In addition, the manager’s tools will be helps by systematic tools like economic appraisal, financial appraisal, value management, risk management and demand management in weighing up the costs and benefits, risks, objective, revenues and expenditures. IV. Enables the decision maker to balance the performance, reliability, maintain abilities and other goals against life cycle costs. In order to achieve the outcomes that reflect performance, reliability and ability, the proper planning, allocation of resources and evaluation of the performance should relate each other and fit together. 1.

3) It can be used in three stages Life cycle costing should be applied when there are three stages: I. The conceptual stage: This is the stage when the initial proposal for investments is being considered. It is to estimate the future cost and provision to be made over the life of the assets. For example, the different type and designs of machine to increase the sales production for the manufacturing industry. II. The acquisition stage. This is the stage where the supplier for the assets is being assessed. It is to assist in the selection of the most cost-effective option. III. The service stage.

The stage of decision making on whether to maintain, improve or dispose of the assets. It is to improve the cost effectiveness of the production as well as to improve the specification of future assets. For example, when automotive manufacturing products their car product, they are improving their quality of car. So that to ensure the customer still keeps loyalty to buy their car for future. 1. 4) Estimate Life Cycle Costing The formula to calculate the life cycle costing: Life Cycle Costing = Capital Cost + Life Time Operating Cost + Life Time Maintenance Costs + Disposal Cost – Residual Value

1. 4. 1) Product life cycle: relationship between costs committed and costs incurred Product Life Cycle Phases Figure 1 illustrates the relationship between costs committed and costs incurred in the life cycle costing. It involves three stages of a product’s life cycle, the planning and design stage, the manufacturing stage and the service and distribution stage. Committed or locked-in costs are costs have not been incurred currently but that will be incurred in the future after the decision basis has been made. Costs are incurred when a resource is sacrificed or used.

A system of costing is the record cost only had been done when they have been incurred. Furthermore, the costs that have been committed are difficult to be alter. The pattern of cost commitment and incurrence will vary based on the industry and specific product introduced. During the planning and design stage, the cost management can be most effectively exercised compared to the manufacturing stage when the product design and processes have already identified and costs have been committed. At the post sales service and distribution phase, its focus more on cost containment than cost management. 1. 4.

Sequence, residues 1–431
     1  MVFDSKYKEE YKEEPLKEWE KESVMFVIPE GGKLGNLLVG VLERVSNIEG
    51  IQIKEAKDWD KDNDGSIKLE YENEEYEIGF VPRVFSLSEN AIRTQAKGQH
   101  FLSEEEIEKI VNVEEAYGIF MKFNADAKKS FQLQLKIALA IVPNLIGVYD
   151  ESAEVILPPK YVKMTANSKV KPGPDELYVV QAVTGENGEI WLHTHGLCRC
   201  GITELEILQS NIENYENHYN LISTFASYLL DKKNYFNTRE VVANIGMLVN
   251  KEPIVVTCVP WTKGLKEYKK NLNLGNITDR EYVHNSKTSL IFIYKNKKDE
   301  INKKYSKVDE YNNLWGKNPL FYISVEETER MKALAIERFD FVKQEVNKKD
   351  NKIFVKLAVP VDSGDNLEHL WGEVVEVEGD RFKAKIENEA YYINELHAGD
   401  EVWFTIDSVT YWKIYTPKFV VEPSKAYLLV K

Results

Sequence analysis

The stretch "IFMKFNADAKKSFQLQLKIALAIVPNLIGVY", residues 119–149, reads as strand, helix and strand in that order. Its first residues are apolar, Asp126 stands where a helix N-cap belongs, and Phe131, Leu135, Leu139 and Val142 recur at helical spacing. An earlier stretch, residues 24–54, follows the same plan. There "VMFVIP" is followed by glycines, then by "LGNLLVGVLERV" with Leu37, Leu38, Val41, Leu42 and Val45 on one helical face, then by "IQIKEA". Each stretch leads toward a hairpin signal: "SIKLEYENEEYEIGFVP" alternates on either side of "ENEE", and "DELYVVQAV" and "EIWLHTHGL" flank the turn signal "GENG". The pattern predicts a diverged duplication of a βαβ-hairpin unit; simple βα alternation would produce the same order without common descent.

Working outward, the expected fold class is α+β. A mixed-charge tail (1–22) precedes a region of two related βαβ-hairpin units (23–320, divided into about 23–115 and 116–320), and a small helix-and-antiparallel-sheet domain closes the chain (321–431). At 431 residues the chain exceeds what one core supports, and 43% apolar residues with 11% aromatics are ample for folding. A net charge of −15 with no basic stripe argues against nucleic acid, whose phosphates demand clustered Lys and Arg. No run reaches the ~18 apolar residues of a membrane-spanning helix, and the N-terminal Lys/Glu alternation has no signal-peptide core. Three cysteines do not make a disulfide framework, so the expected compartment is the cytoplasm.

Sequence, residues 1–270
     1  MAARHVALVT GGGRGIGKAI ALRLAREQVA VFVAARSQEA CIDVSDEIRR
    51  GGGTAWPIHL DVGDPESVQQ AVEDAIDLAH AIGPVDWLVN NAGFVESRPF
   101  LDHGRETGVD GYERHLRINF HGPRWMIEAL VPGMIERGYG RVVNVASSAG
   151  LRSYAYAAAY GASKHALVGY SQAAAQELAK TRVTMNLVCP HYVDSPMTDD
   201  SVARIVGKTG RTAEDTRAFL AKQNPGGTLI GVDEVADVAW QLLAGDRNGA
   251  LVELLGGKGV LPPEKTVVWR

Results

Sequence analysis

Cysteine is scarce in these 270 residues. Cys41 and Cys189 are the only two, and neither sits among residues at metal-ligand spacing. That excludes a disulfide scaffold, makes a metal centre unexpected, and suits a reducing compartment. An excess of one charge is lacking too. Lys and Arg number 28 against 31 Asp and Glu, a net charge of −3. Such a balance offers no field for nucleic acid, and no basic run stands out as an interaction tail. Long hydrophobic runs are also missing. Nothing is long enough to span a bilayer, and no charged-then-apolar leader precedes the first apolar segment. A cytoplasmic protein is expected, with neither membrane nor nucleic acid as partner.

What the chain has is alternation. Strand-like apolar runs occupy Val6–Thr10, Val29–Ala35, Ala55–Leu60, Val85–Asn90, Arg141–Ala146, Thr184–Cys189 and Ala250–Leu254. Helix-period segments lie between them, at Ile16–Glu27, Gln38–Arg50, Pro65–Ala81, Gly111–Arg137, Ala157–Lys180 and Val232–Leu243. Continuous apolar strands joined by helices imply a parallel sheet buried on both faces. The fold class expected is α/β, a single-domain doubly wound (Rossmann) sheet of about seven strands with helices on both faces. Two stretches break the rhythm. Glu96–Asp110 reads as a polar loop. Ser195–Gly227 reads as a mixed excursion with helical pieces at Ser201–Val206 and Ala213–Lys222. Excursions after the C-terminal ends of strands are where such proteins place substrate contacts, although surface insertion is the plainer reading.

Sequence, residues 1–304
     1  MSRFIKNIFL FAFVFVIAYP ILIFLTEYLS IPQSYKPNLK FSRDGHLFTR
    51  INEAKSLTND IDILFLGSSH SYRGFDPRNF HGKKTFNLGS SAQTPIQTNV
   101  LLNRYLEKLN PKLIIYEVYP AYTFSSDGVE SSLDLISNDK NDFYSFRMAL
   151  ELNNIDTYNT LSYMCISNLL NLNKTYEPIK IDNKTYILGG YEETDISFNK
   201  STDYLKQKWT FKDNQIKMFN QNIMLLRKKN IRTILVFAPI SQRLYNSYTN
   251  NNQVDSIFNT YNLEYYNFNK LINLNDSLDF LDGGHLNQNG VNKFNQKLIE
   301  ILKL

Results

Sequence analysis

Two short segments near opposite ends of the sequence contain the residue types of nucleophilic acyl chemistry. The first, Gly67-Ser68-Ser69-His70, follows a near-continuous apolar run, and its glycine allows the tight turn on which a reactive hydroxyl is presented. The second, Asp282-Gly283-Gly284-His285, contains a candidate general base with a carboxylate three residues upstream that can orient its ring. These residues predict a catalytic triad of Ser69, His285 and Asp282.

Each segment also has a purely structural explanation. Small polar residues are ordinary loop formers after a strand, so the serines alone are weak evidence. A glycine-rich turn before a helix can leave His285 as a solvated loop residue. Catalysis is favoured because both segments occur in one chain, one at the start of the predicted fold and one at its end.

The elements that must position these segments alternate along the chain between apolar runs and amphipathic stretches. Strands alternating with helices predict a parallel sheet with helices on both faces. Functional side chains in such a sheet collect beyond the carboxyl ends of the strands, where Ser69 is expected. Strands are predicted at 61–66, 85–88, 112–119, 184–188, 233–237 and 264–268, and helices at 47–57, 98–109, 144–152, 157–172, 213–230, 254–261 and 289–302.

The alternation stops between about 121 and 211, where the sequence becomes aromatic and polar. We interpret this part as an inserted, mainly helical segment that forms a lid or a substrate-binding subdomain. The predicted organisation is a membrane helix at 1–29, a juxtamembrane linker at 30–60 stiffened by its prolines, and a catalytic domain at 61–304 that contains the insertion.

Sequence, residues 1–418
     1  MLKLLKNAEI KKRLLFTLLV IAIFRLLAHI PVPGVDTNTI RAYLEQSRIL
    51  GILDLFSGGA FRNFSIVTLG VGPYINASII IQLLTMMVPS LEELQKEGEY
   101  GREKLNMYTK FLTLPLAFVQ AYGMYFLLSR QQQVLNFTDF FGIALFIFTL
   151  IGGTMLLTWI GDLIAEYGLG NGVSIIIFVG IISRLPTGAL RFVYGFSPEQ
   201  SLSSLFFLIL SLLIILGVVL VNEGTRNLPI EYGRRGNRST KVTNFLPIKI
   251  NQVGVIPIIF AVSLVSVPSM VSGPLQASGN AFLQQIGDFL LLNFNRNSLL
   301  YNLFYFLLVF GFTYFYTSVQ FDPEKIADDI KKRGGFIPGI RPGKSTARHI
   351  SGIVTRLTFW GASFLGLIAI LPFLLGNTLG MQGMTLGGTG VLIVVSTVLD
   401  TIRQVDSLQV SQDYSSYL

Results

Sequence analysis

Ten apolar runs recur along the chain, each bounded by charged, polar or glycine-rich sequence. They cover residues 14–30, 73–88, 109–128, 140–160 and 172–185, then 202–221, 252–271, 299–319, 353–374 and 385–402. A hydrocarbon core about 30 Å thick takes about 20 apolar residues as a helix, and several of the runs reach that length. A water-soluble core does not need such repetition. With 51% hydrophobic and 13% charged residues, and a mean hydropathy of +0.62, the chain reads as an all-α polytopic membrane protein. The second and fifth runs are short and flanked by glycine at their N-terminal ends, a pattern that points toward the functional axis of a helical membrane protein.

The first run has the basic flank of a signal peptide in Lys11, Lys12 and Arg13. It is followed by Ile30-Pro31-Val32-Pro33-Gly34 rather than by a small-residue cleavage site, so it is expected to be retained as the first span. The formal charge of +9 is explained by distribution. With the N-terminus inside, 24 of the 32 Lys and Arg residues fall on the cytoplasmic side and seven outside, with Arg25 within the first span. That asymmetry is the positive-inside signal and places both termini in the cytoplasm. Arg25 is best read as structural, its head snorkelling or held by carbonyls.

2) Life Cycle Costing Model The information should be obtained before selecting a model. This is to ensure that the analysis can be made. Evaluation should be made in considering the applicability of all cost factors, empirical relationship, constants, elements and variables. Life cycle costing model should: I. Represent the characteristic of the asset being analyzed. It includes the intended use environment, maintenance concept, operating and maintenance support scenarios and any constraints and limitations. II. Comprehensive to include and highlight the relevant factors to the Life Cycle Costing asset.

III. Easy to understand in order to permit timely decision making, future updates and modification. IV. Evaluate the specific Life Cycle Costing elements independently of other costing elements. 1. 4. 3) Life Cycle Costing Breakdown into Asset Cost Some element need to be identified in Life Cycle Costing. This is because it requires the breakdown of the asset into its part of cost elements over time. The elements that should be considered are: I. Significant amount of cost that generate components of activity. II. Time in the life cycle when conducting the activity. III.

Resources cost categories that relevant such as material, labor, overhead, transportation and others. 1. 4. 4) Benefits of Life Cycle Costing The benefits the manager can gain from Life cycle costing are: I. Planning and analysis of alternative solutions. It is to serve a framework to document and compare the alternatives to achieve significant cost benefits. Life cycle costing concept will give earlier actions to produce revenue or to lower costs. II. Selection of preferred alternatives. The decision maker can use the information for the selection process with the life cycle costing analysis.